2024 IL Market Research: Logistics IT Steps Up


2024 IL Market Research: Logistics IT Steps Up

IL’s annual report illuminates how companies are increasing supply chain technology investments to become more efficient and light up return-on-investment.

The collapse of the Francis Scott Key Bridge in Baltimore illustrates all too clearly how perilous the world can become for supply chains. A disaster can close a port, forcing shippers to reroute loads at a moment’s notice.

Attacks on shipping in the Red Sea and a drought that has curtailed traffic through the Panama Canal are also making shippers rethink their logistics strategies.

Wars, geopolitical tensions, inflation, and other trends complicate supply chain strategies as well.

Add to that the day-to-day challenges of supply chain management—routing shipments, scheduling labor, meeting customers’ ever-more-stringent requirements—and it’s no wonder demand is growing for information technology (IT) solutions that address logistics and supply chain management.

According to Inbound Logistics’ latest survey of the logistics IT market, 86% of logistics IT vendors have gained more customers over the past 12 months.

As we do each year, Inbound Logistics surveyed a broad assortment of logistics technology providers, asking for their views on the current market.

We then compiled and analyzed their responses, providing insights that we hope will help logistics professionals find new technologies to support their own operations.

Once you’ve read the 2024 survey results, check out this year’s Inbound Logistics Top 100 Logistics & Supply Chain Technology Providers, a valuable reference as you explore how best to invest in technology to serve your company’s specific needs.

Pricing Model: How do your customers pay for your solutions?

Although many technology vendors offer software-as-a-service by subscription, the practice of buying a solution outright still plays a significant role. Fifty-nine percent of the IT vendors we surveyed this year offer system-based pricing, up from 41% in 2023. And a markedly smaller proportion of vendors this year have customers who subscribe to technology based on transaction volume—53% vs. 77% in 2023.

Companies that want to pay by the seat or user will find that option with 43% of vendors this year. And 5% of vendors offer technology at no cost. That arrangement typically occurs when a partner such as a 3PL provides an IT solution as part of a broader array of services.

Industry: What industries do your solutions serve?

The vast majority of vendors in the survey—90%—report they serve customers in the supply chain, logistics, and transportation sectors. This is no surprise, since many of the technologies they sell fill the needs of 3PLs, carriers, and other service providers as well as the needs of shippers.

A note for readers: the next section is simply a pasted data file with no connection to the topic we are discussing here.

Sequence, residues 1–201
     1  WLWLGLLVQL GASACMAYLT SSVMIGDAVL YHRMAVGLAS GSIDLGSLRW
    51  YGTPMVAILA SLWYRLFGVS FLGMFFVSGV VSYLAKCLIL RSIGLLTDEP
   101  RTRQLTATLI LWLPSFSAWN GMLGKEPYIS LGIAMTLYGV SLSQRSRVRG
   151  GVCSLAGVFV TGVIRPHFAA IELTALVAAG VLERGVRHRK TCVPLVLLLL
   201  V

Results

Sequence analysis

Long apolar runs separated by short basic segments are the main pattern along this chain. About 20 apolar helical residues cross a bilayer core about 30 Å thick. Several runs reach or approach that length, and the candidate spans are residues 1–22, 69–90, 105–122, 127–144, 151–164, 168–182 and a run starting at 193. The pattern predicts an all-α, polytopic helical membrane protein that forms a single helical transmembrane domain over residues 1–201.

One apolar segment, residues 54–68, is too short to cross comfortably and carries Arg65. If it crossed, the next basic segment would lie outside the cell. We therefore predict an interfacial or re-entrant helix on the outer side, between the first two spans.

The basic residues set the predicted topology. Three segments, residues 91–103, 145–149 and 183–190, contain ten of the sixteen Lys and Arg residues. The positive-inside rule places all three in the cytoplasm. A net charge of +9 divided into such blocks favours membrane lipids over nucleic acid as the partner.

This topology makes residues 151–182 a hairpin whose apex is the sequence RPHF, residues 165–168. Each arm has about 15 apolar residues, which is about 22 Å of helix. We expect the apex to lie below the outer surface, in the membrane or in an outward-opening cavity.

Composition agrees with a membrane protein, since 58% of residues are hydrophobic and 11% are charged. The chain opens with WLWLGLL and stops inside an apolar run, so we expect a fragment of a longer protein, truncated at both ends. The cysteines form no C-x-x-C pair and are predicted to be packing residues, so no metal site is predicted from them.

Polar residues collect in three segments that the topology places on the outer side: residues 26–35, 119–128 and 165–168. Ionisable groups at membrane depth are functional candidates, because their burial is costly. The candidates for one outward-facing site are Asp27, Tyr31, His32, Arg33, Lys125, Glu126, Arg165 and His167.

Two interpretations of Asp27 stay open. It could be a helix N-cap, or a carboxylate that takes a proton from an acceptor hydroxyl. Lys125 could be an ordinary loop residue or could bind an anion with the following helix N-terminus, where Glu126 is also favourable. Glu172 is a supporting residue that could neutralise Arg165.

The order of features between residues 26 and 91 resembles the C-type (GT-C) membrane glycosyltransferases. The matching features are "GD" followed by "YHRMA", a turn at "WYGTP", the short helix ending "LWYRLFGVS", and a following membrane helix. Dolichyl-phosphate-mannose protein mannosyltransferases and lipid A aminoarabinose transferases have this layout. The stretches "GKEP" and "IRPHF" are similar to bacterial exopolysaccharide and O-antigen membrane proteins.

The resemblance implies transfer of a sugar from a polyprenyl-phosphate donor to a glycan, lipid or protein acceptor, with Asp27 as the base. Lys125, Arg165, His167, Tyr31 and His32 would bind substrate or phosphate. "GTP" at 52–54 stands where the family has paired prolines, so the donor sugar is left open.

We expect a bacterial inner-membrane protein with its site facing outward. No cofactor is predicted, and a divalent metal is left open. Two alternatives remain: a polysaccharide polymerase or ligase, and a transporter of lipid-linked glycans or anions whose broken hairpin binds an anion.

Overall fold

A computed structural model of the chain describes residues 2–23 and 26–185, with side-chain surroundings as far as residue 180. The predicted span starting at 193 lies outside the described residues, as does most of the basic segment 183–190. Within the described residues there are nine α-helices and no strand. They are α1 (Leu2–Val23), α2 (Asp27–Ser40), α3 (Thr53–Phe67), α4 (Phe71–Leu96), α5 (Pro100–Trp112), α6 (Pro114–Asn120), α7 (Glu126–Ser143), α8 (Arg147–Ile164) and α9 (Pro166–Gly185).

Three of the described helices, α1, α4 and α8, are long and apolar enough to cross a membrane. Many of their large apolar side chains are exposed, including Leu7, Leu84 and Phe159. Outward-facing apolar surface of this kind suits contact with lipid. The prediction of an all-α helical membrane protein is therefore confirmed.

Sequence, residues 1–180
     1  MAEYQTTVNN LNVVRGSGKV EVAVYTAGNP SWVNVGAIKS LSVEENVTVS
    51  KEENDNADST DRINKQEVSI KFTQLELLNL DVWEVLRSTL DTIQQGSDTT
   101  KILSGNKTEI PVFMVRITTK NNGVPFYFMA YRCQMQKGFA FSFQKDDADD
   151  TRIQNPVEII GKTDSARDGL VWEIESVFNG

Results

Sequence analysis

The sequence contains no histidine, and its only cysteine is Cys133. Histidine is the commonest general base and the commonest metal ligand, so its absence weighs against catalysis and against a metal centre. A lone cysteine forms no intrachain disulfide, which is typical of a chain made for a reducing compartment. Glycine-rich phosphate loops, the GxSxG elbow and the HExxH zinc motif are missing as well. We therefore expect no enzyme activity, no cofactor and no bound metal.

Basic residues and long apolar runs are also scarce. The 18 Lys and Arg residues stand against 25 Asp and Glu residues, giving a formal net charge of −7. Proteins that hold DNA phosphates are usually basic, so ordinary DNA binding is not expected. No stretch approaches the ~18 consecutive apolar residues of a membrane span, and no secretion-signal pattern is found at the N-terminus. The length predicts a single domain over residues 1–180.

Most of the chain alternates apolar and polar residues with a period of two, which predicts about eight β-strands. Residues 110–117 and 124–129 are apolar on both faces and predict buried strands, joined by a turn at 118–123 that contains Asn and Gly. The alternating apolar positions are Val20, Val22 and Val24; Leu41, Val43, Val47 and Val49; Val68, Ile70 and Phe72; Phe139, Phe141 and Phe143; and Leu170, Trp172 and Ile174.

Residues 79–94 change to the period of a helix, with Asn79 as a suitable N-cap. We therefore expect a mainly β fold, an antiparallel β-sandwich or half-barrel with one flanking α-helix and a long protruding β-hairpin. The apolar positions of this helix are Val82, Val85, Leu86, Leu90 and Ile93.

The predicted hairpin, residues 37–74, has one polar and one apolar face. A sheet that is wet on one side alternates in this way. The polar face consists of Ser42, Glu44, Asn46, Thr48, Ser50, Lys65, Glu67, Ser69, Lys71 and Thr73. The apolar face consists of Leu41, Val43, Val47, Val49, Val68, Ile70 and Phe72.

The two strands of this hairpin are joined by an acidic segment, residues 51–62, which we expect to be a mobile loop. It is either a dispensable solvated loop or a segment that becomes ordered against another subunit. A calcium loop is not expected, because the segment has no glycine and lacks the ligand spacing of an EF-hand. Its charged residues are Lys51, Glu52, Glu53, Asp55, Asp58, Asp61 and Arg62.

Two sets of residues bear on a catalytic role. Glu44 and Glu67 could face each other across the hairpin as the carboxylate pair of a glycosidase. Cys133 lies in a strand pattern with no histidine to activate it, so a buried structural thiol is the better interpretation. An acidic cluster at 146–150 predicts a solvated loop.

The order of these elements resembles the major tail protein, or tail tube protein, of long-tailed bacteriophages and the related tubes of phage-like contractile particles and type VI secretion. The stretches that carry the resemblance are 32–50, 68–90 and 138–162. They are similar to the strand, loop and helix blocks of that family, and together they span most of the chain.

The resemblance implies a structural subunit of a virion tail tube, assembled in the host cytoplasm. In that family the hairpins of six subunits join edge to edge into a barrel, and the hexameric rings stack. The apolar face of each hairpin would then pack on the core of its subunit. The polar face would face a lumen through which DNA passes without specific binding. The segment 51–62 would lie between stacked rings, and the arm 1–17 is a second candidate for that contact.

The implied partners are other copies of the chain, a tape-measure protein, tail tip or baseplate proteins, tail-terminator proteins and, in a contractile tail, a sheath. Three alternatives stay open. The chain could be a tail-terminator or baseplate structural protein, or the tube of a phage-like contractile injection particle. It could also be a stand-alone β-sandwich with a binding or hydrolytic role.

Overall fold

Those shippers are most likely to come from the retail (78%) or manufacturing (77%) industry. Both of those sectors appear to be stronger markets for logistics IT than they were in 2023, when 61% of vendors said they served retailers and the same proportion provided technology to manufacturers. Two other strong sectors are the food and beverage industry and wholesale businesses, each mentioned by 70% of vendors who completed the survey.

Solutions: What logistics and supply chain solutions do you offer?

Shippers cut costs and gain competitive advantage when their operations run more effectively. Many vendors offer technology to help shippers make those improvements.

For instance, 68% of the vendors in our survey provide optimization solutions to support, and often automate, better decision making across a range of functions.

Nearly as many—66%—offer solutions for process improvement. The same proportion of vendors include visibility solutions in their portfolios. These might keep users aware of anything from the status of shipments in progress to the productivity of individual workers, or the evolving risk of supply chain disruptions.

Another popular category is data management and analytics, which helps users extract business intelligence from operational data.

Among solutions for specific logistics functions, the most popular include order management systems (54%), transportation management systems (52%), and solutions for routing and scheduling (50%). Technologies for specialized functions that are harder to find include solutions for managing containers or chassis (offered by only 11% of respondents), drayage (12%), and global trade (13%).